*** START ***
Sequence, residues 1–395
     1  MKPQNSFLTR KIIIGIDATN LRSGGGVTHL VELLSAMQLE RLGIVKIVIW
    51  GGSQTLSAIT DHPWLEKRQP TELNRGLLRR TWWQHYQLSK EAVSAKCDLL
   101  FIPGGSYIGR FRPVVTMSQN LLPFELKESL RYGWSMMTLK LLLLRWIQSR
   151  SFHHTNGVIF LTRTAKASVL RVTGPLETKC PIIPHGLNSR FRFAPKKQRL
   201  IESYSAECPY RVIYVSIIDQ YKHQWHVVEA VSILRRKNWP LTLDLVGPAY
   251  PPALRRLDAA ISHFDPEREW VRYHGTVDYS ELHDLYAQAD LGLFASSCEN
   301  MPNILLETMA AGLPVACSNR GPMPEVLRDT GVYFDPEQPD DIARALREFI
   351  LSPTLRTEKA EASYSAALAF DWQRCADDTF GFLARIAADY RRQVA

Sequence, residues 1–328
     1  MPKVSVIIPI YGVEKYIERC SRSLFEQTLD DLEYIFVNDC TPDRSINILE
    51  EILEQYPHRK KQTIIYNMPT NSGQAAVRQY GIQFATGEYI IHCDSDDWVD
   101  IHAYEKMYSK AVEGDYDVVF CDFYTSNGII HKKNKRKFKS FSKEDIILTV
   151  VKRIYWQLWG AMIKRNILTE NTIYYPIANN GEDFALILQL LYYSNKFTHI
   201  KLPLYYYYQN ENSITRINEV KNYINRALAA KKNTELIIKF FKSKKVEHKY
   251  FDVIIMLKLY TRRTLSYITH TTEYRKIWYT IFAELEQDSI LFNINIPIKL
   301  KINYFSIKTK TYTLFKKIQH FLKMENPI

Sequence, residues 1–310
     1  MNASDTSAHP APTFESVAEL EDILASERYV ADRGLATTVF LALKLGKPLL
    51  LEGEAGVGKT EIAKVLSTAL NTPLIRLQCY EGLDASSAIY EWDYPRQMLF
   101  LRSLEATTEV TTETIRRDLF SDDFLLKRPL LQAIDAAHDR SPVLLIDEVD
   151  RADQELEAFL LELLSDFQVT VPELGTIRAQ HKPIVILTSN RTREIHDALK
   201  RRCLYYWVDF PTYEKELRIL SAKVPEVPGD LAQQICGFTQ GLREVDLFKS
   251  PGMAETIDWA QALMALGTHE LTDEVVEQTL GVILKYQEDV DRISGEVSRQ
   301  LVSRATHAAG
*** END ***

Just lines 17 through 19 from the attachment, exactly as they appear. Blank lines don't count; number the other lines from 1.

   301  KINYFSIKTK TYTLFKKIQH FLKMENPI

Sequence, residues 1–310
     1  MNASDTSAHP APTFESVAEL EDILASERYV ADRGLATTVF LALKLGKPLL